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National report — Specially designed nanoparticles may allow future dermatologists to noninvasively detect melanoma and other tumors that would otherwise be invisible, and to phenotype and stage early melanoma in the clinical setting, according to Washington University School of Medicine researchers.
National report - Specially designed nanoparticles may allow future dermatologists to noninvasively detect melanoma and other tumors that would otherwise be invisible, and to phenotype and stage early melanoma in the clinical setting, according to Washington University School of Medicine researchers.
Gregory Lanza, M.D., Ph.D., associate professor of medicine, and Samuel Wickline, M.D., professor of medicine at Washington University School of Medicine, St. Louis, have engineered nanoparticles to detect tumors using standard MRI equipment.
In a recent study, the researchers set out to use a normal-sized scanner to detect minute tumors by implanting human melanoma in immunoincompetent nude mice and injecting the mice with alpha(nu) beta(3)-targeted paramagnetic nanoparticles.
Dr. Lanza and colleagues also demonstrated that the targeting of these particles to the angiogenesis was highly specific for that marker.
"In this case, it was alpha(nu) beta(3)-targeted paramagnetic nanoparticles. That is important because the amount of alpha(nu) beta(3) integrin and the degree of angiogenesis is correlated with the aggressiveness of the tumor," he says. "In essence, we demonstrated that we could target these particles and recognize angiogenesis produced by these very small tumors. We could detect it with a normal scanner, allowing us to characterize tumors' aggressiveness before resecting them."
Nanoparticles, in this case, are only 200 nanometers in diameter.
The small particle size actually increases the surface area per volume and increases surface payload, according to Dr. Lanza.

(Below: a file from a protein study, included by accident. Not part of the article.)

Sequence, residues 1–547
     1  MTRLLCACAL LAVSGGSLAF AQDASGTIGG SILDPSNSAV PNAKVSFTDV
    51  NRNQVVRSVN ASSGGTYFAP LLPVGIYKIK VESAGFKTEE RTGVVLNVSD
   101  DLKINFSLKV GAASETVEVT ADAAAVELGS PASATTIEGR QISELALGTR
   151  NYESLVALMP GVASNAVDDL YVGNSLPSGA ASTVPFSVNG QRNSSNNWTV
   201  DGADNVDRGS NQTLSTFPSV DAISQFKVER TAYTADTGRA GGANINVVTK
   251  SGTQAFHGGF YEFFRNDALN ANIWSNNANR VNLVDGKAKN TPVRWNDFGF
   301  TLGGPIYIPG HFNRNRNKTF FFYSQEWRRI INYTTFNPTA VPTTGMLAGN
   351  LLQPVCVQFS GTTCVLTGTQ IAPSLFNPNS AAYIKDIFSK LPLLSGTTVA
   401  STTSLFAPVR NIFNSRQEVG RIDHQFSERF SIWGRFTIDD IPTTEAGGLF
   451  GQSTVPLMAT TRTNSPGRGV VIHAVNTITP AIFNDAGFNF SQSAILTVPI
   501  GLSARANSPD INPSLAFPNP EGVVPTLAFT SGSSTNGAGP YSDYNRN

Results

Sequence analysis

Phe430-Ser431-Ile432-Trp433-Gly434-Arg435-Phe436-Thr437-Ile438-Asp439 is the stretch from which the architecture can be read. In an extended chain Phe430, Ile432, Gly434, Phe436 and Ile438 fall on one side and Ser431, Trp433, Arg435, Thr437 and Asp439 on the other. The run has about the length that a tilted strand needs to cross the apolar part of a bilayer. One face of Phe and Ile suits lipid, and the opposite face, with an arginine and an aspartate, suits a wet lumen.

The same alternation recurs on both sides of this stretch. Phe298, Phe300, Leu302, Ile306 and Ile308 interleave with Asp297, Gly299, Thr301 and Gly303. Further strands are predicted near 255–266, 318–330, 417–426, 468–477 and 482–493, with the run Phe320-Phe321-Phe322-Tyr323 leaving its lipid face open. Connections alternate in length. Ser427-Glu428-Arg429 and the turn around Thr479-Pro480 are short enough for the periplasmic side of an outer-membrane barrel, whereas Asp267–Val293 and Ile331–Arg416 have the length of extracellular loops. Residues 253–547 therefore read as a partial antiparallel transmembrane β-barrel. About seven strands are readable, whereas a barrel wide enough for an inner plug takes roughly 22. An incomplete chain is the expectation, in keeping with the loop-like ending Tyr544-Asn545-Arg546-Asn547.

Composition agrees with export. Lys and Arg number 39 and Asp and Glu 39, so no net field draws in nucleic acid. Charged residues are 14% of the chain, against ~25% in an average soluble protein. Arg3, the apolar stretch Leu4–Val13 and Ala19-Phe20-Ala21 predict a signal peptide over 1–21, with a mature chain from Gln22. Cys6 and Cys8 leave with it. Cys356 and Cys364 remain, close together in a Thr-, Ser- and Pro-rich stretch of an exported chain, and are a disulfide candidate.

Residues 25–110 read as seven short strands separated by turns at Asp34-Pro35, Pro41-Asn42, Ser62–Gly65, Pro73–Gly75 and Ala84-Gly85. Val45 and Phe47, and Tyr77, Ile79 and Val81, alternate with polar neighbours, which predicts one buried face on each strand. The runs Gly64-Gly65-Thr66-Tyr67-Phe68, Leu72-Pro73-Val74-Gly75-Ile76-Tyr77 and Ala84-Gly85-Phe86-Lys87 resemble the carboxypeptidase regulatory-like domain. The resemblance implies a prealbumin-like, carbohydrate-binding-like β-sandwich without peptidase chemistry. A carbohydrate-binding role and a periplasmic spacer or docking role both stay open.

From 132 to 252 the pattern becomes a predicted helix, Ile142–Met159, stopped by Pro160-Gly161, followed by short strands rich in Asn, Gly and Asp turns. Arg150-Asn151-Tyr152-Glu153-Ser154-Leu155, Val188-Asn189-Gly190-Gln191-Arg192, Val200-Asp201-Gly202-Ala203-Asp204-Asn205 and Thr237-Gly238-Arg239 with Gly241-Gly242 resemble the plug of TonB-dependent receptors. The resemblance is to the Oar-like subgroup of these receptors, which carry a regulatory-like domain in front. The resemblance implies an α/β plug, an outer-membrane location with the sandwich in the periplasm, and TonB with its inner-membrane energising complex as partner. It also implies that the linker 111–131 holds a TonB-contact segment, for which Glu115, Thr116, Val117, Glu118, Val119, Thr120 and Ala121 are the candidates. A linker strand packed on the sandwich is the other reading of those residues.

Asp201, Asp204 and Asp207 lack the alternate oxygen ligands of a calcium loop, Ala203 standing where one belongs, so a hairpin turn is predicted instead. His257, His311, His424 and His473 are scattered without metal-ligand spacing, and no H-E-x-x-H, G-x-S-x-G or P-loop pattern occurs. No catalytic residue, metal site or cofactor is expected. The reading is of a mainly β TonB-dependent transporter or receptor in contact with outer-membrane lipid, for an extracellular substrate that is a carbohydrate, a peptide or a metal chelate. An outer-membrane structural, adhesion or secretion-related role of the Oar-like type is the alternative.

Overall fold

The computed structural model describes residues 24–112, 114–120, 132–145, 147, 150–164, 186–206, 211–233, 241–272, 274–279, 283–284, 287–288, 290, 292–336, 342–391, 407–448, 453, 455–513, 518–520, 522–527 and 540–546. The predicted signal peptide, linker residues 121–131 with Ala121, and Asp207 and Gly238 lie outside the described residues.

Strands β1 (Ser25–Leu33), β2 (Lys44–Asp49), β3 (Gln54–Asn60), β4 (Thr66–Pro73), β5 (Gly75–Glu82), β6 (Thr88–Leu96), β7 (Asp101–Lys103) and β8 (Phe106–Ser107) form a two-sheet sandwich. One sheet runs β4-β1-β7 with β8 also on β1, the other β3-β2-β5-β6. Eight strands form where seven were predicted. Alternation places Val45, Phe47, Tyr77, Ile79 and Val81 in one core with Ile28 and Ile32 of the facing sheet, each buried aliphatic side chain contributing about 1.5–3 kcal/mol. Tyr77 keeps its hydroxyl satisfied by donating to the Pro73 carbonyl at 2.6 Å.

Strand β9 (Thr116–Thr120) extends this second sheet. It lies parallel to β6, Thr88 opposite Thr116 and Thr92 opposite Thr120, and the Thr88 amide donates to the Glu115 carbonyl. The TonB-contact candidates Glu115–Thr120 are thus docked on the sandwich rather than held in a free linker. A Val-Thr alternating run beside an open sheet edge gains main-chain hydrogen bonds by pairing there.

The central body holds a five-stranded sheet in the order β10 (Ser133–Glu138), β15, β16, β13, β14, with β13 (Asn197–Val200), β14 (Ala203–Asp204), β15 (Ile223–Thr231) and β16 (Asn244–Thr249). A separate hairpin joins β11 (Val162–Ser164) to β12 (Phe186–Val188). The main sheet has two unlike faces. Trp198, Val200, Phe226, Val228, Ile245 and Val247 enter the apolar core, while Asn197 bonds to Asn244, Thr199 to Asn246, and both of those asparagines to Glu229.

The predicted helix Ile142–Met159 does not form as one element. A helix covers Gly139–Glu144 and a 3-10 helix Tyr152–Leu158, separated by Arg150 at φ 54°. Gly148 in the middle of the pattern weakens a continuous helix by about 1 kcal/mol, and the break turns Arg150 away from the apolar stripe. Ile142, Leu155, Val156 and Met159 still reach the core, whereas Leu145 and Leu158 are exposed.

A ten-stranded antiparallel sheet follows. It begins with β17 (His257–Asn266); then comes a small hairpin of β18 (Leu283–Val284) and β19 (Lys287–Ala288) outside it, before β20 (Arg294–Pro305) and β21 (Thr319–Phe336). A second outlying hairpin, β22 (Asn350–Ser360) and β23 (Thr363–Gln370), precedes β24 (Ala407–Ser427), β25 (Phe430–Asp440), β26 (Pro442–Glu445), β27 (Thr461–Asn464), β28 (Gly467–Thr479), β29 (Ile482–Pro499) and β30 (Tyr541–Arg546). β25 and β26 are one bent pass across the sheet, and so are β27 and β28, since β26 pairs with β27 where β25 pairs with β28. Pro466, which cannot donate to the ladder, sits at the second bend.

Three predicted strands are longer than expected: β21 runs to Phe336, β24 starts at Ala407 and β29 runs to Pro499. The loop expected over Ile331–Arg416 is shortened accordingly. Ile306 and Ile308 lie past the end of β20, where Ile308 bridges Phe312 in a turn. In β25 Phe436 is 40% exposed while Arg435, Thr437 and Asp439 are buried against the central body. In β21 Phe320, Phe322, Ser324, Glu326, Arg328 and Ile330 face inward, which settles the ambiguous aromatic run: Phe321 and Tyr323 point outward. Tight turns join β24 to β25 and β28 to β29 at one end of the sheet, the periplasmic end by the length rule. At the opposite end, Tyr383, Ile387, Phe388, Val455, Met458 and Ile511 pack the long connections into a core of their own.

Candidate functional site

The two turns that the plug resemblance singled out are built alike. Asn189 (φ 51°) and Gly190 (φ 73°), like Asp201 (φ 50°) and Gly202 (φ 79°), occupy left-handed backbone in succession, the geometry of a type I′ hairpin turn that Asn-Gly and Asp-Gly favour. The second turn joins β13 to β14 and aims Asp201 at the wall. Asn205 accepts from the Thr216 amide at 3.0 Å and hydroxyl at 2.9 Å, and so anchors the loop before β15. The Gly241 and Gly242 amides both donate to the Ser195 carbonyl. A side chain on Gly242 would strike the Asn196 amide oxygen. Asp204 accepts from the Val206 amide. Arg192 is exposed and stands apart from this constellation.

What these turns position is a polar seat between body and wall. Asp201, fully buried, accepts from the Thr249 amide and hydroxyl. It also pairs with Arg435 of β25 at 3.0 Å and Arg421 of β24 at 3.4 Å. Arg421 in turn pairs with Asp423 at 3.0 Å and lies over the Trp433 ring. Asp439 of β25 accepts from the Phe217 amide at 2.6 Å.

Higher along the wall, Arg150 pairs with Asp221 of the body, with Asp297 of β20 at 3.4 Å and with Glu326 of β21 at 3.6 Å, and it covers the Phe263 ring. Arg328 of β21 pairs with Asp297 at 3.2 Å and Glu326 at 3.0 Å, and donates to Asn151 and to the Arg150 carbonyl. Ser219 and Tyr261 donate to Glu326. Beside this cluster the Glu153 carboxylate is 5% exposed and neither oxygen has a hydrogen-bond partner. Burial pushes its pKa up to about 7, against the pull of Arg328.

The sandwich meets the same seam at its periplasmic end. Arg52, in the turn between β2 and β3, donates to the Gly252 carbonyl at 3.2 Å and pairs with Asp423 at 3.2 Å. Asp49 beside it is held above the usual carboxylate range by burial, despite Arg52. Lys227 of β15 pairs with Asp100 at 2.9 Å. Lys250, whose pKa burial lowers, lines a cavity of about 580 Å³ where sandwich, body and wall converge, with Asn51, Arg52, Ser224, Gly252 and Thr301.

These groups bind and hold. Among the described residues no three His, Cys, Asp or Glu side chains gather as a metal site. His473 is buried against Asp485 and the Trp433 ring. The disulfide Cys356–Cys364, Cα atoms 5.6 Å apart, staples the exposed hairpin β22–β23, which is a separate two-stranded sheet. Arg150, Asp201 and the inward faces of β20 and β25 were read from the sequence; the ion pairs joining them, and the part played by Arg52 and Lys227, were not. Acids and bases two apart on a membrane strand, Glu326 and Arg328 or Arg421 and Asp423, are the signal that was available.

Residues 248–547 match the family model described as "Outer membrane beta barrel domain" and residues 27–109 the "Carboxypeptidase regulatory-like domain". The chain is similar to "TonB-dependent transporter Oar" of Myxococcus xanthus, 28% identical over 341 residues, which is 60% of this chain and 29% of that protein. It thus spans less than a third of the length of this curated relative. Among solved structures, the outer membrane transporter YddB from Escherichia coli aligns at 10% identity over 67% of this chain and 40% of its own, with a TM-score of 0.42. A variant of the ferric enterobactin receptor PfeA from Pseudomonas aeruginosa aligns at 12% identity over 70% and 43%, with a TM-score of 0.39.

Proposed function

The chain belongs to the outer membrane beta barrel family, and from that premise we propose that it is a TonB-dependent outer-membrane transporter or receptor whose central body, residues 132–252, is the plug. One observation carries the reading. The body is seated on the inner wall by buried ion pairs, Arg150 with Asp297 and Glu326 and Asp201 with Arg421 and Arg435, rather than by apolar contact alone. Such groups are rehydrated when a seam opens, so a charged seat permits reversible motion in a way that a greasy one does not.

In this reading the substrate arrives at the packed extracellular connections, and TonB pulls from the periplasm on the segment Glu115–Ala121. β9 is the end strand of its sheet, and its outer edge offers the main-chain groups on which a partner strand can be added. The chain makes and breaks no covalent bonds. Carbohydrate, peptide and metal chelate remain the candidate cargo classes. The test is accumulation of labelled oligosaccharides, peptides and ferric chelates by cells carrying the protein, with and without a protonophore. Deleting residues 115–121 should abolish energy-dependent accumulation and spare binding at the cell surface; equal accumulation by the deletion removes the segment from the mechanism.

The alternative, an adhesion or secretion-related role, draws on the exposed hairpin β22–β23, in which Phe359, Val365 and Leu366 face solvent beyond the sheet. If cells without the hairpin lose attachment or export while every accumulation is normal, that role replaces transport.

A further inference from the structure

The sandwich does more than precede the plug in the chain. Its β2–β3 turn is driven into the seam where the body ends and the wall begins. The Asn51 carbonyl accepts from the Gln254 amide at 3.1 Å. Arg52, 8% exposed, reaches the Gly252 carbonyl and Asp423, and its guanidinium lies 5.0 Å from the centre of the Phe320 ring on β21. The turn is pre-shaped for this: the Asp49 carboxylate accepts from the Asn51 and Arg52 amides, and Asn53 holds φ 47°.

"When you do MRI imaging to detect molecular signature, using a homing molecule like an antibody, you would only be able to put on one or two gadolinium atoms. But when you use a particle, like a nanoparticle, you can put 100,000 gadolinium atoms on each particle," Dr. Lanza says.
Nanoparticles also provide increased circulatory half-life, so that when particles are injected in the blood they can circulate long enough to reach their target.
As effectively as they can carry imaging materials to highlight tumors, nanoparticles also can deliver cancer-fighting drugs to malignancies. And whereas an antibody might carry one molecule of a drug, a nanoparticle can carry 100,000 molecules to the target.
Dr. Lanza predicts that it is only a matter of a couple of years - maybe less - before nanoparticles will play roles in detection and treatment of metastatic melanoma.
"I see that these nanoparticles, in the case of dermatology for melanoma, will be used to stage the primary tumor, in terms of its aggressiveness, detect metastases and ... even potentially provide localized treatment to these metastases to help to kill the tumor growth. That is our hope. That is our game plan," he says.
Preparing for human tests
Kereos, the company licensing these nanoparticles, is completing preclinical studies and manufacturing studies required to begin human clinical testing.
"When they start doing human clinical testing, they will be using these particles targeted to a wide variety of oncologic disease, including melanoma and probably including basal cell carcinoma," Dr. Lanza says.
The findings could help to change the current paradigm of medicine from one of reacting to one of more aggressively detecting and treating disease so early that patients do not suffer the diminished quality of life with treatment that they do today.
"You have to move the clock backwards if you want to make a difference in cancer," Dr. Lanza says. "You have to find it earlier and treat it when it is more susceptible - before a clinical event occurs. That is our whole paradigm."
The study was supported by the National Cancer Institute under the Unconventional Innovative Projects program. Philips Medical Systems provided major research support in terms of equipment and on-site clinical scientists.
Disclosure: Drs. Lanza and Wickline cofounded Kereos Inc., St. Louis, the company to which the nanotechnology they invented is licensed. The doctors are now minority stockholders in that company.